Cationic amphiphilic drugs (CADs) can be repurposed as anti-cancer drugs via induction of lysosomal
cell death (LCD), but combination treatment and improved tumor targeting are key to boost antitumor
effects. Recent research has identified CADs as cellular delivery enhancers of RNA drugs via
non-lethal lysosomal membrane permeabilization (LMP), thus enabling cancer combination therapy.
To allow co-encapsulation and concurrent tumor targeted delivery of CADs and RNAs, this project
will apply poly(2-alkyl-2-oxazoline)s (PAOx) as a biocompatible carrier for pH-reversible CAD
conjugation. The resulting cationic polymer will be used for polyplex formation with siRNA and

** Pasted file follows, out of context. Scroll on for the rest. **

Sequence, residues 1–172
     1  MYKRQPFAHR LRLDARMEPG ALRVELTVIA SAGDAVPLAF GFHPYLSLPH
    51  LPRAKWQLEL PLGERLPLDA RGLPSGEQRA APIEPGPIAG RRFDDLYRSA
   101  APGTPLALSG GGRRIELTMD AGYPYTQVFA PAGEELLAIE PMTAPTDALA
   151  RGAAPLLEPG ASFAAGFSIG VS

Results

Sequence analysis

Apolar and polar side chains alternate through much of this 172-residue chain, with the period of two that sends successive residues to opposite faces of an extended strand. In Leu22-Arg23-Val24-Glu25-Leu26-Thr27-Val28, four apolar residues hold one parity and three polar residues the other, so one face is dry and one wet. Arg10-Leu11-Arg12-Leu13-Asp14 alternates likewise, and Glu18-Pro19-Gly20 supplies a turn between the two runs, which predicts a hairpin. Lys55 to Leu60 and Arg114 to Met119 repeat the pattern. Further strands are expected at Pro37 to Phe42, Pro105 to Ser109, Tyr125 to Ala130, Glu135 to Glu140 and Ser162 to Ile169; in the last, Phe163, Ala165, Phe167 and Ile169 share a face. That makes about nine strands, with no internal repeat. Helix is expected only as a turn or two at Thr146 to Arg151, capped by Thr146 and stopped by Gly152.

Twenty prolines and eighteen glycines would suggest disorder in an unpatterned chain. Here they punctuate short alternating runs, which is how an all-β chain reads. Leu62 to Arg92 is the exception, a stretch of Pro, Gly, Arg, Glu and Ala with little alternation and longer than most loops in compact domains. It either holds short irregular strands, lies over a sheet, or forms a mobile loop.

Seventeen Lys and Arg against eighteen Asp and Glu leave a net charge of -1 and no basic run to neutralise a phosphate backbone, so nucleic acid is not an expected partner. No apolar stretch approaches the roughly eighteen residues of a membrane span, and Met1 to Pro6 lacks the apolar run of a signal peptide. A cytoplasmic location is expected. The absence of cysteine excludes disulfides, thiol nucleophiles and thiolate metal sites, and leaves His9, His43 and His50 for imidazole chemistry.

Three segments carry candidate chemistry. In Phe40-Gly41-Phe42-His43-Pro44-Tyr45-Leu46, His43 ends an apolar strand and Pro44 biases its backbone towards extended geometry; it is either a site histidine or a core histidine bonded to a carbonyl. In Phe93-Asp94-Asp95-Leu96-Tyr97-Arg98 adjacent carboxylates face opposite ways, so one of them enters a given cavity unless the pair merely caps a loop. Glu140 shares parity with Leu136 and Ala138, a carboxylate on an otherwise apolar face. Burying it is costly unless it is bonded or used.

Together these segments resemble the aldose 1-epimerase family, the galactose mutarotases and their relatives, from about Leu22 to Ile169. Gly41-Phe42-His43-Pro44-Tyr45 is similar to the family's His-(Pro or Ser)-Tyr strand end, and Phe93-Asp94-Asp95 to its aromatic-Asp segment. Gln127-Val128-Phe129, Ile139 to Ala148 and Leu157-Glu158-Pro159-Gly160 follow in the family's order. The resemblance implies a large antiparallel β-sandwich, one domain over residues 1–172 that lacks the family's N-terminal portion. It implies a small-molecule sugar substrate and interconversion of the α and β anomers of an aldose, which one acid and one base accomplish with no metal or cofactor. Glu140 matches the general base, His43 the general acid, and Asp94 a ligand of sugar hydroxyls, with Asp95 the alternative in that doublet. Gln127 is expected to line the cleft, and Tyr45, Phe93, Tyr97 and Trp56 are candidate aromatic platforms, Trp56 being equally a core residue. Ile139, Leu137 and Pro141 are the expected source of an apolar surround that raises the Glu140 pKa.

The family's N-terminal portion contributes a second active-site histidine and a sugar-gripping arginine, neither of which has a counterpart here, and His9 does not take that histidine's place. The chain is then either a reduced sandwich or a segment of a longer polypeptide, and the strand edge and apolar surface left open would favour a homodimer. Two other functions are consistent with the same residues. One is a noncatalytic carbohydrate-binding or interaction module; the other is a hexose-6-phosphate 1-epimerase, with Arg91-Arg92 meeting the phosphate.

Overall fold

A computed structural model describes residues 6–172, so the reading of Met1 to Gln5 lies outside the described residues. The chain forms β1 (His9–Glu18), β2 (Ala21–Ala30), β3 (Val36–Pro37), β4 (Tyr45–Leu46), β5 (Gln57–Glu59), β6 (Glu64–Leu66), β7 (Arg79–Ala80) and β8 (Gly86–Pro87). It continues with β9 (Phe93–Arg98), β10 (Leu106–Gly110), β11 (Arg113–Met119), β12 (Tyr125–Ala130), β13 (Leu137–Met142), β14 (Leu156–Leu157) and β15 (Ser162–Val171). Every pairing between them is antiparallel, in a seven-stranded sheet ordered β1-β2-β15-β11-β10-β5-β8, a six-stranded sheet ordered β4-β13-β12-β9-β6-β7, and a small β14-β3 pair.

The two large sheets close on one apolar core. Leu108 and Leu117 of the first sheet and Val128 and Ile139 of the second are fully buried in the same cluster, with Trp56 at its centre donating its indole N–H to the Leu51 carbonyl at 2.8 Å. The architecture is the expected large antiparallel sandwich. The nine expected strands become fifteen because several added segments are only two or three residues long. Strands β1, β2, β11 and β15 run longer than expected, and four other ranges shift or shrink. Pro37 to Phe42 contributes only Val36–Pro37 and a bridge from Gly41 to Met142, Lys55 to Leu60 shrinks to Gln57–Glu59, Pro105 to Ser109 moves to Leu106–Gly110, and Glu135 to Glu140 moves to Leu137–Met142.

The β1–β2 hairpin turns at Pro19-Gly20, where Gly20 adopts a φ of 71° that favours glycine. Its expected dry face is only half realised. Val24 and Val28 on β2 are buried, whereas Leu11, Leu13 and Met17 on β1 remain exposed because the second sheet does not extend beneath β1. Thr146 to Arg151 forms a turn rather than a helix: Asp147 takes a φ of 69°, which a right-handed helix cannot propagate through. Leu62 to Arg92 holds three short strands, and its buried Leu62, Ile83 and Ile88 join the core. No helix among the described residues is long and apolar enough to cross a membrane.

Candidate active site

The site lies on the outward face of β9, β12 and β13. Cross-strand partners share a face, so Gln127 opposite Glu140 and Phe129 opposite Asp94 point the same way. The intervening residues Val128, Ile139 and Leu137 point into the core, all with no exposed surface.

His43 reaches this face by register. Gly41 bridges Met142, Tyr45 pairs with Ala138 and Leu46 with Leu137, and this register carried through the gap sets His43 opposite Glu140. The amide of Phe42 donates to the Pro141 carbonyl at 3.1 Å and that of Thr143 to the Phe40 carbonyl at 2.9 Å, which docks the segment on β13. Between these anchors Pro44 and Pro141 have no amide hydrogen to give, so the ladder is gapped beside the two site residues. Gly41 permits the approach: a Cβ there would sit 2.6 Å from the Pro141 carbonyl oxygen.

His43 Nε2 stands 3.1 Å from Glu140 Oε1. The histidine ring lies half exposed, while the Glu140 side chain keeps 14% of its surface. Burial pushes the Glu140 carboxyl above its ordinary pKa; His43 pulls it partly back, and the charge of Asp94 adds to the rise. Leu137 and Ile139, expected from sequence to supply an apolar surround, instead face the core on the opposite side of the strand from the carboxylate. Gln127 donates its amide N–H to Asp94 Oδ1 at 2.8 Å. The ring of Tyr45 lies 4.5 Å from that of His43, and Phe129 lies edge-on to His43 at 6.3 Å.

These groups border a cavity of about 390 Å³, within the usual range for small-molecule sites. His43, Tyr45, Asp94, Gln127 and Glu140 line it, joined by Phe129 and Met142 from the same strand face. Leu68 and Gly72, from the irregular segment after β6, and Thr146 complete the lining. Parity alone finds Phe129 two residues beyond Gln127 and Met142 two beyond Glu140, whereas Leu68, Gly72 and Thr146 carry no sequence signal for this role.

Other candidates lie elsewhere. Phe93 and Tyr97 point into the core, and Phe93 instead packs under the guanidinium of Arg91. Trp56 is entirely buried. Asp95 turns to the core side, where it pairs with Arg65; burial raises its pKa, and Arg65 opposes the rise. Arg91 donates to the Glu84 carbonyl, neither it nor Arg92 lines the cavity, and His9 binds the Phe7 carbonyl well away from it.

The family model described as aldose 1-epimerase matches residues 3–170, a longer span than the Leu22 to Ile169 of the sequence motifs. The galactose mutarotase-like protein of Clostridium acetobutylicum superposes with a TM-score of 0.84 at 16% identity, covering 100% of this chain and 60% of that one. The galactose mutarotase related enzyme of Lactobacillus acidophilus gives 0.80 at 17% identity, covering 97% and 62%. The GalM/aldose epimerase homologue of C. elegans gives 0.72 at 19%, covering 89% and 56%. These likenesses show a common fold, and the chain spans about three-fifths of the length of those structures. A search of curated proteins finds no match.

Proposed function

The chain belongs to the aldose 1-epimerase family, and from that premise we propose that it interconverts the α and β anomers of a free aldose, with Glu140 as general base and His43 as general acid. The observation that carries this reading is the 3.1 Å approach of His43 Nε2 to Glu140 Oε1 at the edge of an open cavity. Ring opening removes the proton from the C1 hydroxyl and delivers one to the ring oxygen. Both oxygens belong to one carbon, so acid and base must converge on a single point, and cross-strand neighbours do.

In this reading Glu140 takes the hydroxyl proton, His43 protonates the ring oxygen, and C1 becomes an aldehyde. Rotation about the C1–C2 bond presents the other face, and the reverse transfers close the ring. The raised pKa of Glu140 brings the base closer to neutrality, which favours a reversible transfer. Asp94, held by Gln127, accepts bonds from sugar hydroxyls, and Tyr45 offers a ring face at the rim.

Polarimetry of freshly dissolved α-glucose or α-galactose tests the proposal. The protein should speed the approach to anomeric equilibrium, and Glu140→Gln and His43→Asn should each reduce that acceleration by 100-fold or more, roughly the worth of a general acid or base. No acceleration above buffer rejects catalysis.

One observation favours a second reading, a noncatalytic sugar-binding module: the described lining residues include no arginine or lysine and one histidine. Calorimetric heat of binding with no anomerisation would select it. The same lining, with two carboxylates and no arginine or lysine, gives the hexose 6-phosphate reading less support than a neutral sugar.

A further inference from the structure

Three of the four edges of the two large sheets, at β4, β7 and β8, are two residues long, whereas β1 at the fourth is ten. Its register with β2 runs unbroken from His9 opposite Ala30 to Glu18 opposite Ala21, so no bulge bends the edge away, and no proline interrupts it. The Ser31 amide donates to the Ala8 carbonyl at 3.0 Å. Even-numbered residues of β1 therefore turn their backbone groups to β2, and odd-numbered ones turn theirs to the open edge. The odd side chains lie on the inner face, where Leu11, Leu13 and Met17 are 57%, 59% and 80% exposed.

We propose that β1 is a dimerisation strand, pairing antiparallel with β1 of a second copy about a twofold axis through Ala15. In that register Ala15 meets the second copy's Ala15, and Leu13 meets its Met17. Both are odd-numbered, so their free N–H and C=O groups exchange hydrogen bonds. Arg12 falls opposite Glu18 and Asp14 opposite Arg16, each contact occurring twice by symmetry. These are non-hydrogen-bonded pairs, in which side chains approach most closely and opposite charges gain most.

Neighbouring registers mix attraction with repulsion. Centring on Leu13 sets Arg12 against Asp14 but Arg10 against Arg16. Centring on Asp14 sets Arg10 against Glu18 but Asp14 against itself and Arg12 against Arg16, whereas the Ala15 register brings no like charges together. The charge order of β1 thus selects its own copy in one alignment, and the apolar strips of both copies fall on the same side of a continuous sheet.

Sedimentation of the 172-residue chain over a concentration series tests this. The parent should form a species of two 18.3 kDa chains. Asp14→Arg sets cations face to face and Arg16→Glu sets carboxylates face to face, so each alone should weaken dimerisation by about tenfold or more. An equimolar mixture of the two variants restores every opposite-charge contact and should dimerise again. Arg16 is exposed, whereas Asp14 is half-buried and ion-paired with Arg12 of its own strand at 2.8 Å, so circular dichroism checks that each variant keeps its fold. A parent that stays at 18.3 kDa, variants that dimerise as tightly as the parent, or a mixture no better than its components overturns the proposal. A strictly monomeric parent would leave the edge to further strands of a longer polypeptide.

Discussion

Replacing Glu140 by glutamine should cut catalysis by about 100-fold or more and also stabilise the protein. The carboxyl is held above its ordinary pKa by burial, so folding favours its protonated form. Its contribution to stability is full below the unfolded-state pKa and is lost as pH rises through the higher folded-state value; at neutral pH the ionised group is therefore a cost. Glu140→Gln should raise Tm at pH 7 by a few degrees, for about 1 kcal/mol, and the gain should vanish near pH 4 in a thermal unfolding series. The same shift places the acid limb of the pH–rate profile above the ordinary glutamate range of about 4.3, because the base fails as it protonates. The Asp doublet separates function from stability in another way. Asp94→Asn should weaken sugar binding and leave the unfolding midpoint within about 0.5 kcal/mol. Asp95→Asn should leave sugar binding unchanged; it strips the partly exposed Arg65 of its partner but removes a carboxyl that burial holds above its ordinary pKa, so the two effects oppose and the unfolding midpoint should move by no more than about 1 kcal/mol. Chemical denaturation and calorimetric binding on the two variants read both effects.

mRNA. Upon IV administration, these polyplexes will extravasate through the leaky tumor
vasculature to allow endocytosis by tumor-associated target cells. Acidic release of the conjugated
CADs in the endolysosomes will enable LCD and/or non-lethal LMP, allowing the cytosolic release of
anti-tumor RNAs. First, the anti-tumoral effect and RNA delivery potential of specific CADs, including
the antihistaminic ebastine, will be compared to their polymeric counterpart. Next, the cationic
PAOx-CAD conjugate will be tested for the complexation and delivery of both siRNA, targeting the
tumor immunosuppressive regulator STAT3 and mRNA, encoding the anti-tumoral IL-12. Finally, the
therapeutic effect of unconjugated CADs, PAOx-CAD conjugates and PAOx-CAD-RNA complexes will
be critically compared in a melanoma model.